Sur Sapata: Hu Tu Tu on celluloid

Marathi film 'Sur Sapata' consider a script on kabaddi a sure-shot winner.

July 04, 2016 11:06 am | Updated October 18, 2016 03:12 pm IST

Kanthale and Jayant Lade, whose company Lade Bros Films is involved in the production of the movie, say the film focusses on the lives of a bunch of teenage wastrels in a Maharashtrian village. Photo: Special Arrangement

Kanthale and Jayant Lade, whose company Lade Bros Films is involved in the production of the movie, say the film focusses on the lives of a bunch of teenage wastrels in a Maharashtrian village. Photo: Special Arrangement

When Jayant Lade and Mangesh Kanthale — two sports enthusiasts associated with Marathi cinema — decided to make a film centred at a team sport, their obvious preference was not for cricket, it was for kabaddi. And, given the special position kabaddi occupies throughout Maharashtra, where it is known as hu tu tu, they were certain that they had a sure-shot winner of a script in their hands.

Kanthale, the director of Sur Sapata produced by I Speed Entertainment, which hit the floors in May and is likely to release at the end of the year, says he was waiting precisely for such a theme to make his directorial debut. “I was certain that I will start my career as a helmsman with a movie on sports. Considering that we are having films like Sultan and Dangal [on wrestling] releasing now and also that Marathi film industry is being keenly watched after > Sairaat’s success , this was the right time to make a film like Sur Sapata ,” he says.

Kanthale and Jayant Lade, whose company Lade Bros Films is also involved in the production of the movie, say the film focusses on the lives of a bunch of teenage wastrels in a Maharashtrian village. “Having been written off by their teachers in studies, they find common purpose in playing good kabaddi for their village and go on to compete with city teams,” says Lade, who considers himself the film’s ‘presenter’.

Underdog tales with a team sport as their key motif are not at all a novelty in Indian cinema. However, considering the near-religious fervour cricket arouses among Indians, film-makers have considered the game their safest bet. Chak De India (2007) made a brave departure from this by focusing on hockey — women’s hockey to be more specific — and successfully creating the aesthetic appeal of a Lagaan .

Kabaddi is perhaps the sport that comes closest to cricket and hockey in being considered national. It is an underappreciated display of camaraderie where India has enjoyed total dominance, winning all 7 gold medals at the Asian Games. Kabaddi is also the ‘State sport’ in six Indian States, including Maharashtra and Tamil Nadu. “It is a mitti se juda sport (a sport with direct connection to the soil, a sport of the masses). Since it does not involve much money, people belonging to any social stratum can play. In Maharashtra, specifically, its its popularity is unparalleled. Every village has its own kabaddi team,” says Kanthale.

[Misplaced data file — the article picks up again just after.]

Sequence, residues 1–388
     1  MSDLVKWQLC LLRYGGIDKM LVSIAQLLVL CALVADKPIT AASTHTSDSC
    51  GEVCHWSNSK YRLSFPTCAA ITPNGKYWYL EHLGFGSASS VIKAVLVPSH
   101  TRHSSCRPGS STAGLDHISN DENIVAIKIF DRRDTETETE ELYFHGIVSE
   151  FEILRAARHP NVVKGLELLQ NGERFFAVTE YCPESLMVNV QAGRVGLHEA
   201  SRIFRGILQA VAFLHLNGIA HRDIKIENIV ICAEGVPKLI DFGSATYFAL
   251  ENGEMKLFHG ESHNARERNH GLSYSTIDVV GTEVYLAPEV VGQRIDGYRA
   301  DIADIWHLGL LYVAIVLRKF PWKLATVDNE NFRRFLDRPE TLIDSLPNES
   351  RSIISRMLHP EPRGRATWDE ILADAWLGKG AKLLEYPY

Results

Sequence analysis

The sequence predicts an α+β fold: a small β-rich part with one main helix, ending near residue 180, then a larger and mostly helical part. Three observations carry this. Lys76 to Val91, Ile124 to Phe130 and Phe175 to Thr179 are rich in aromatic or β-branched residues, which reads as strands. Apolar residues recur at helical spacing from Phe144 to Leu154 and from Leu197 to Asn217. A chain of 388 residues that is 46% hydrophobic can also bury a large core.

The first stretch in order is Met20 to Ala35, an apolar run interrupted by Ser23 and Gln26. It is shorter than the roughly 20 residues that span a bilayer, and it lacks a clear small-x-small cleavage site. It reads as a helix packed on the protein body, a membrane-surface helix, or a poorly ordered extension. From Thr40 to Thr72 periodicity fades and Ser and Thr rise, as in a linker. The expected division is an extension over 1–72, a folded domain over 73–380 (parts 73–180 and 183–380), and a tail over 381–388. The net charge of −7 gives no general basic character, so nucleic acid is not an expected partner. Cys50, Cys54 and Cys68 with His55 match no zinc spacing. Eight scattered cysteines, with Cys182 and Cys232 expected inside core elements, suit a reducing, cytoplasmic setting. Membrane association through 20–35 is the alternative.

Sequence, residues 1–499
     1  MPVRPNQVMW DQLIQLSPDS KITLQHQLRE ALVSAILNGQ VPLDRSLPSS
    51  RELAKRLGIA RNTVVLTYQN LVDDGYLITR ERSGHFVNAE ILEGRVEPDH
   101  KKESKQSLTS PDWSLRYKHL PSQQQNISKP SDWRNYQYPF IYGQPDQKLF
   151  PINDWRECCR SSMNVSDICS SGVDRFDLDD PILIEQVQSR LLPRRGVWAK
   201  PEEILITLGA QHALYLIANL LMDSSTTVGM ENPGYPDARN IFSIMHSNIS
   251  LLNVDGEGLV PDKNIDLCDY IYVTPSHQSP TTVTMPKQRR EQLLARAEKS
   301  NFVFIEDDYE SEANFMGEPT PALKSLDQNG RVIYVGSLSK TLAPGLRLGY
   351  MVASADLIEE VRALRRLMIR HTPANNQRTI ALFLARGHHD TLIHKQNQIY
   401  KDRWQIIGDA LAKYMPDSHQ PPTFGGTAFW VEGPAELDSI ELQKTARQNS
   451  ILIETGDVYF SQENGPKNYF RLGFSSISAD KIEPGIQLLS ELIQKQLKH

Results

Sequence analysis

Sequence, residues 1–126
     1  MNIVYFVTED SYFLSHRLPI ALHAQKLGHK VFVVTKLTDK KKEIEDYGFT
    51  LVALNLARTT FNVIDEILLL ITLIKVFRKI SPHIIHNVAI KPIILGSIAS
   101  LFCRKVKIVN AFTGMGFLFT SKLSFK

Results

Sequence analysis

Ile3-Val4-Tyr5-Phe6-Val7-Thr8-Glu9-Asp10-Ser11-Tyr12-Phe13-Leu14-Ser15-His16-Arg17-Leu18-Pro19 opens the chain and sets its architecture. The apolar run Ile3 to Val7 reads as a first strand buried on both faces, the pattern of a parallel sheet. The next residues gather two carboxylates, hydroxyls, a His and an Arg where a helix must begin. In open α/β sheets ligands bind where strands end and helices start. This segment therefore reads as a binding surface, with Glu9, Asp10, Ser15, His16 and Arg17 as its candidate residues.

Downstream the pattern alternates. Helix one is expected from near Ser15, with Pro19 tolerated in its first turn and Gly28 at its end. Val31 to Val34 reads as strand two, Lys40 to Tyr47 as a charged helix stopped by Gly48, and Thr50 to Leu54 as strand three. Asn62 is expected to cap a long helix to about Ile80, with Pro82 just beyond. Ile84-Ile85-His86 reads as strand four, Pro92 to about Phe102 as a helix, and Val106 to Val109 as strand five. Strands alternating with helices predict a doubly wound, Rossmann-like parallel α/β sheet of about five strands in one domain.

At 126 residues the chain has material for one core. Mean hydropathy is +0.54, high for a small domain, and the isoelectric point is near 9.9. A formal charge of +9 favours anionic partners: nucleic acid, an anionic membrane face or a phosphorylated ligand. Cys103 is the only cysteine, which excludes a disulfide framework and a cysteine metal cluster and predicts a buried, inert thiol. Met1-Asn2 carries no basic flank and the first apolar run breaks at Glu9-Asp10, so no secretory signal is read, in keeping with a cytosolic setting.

A quick Wikipedia search reveals that the success of Tamil director Suseenthiran’s debut movie Vennila Kabadi Kuzhu (2009) spawned a string of similar-themed movies, including remakes like Bheemili Kabaddi Jattu (2010) in Telugu and Badlapur Boys (2014) in Hindi. There have been movies in Kannada, Punjabi, even in Nepali but perhaps not in Marathi. With rich source material on kabaddi being available in Maharashtra, which has produced many Arjuna Award-winning players, it was natural that the makers of Sur Sapata would consider it a sport of choice. Also, after the success of biopics like Paan Singh Tomar , Bhaag Milkha Bhaag and Mary Kom , creating verisimilitude out of non-cricketing sporting events could be considered more mainstream.

Kanthale and Lade say Sur Sapata, shot in Junnar, Maharashtra, is currently in its post-production stage, with some visual effects (VFX) work remaining to be done. Lade also says he is in the process of making a documentary on the passion for kabaddi among Maharashtrians. He has begun interviewing national-level and regional-level players, both former and current. “I intend to talk to about 40-50 players in total, including the eight Arjuna Award winners from the State. The documentary will pay a tribute to their achievements,” he says, adding that he wants to release it before Sur Sapata .

Currently tight-lipped about the cast of the movie, both Kanthale and Lade say most of the central characters are played by children studying in Standard-IX/X. “Apart from that, we have many national-award winning actors both from Marathi and Hindi. We will tell more about the cast in another two months once the post-production work is over,” they say.

Lade, whose first film A Paying Ghost (2015) that was based on Vasant Kale’s novel Badali was screened in 18 different cities across the world, intends to take Sur Sapata to at least 30 countries. “We aim to create greater enthusiasm for kabaddi through our effort,” he says.

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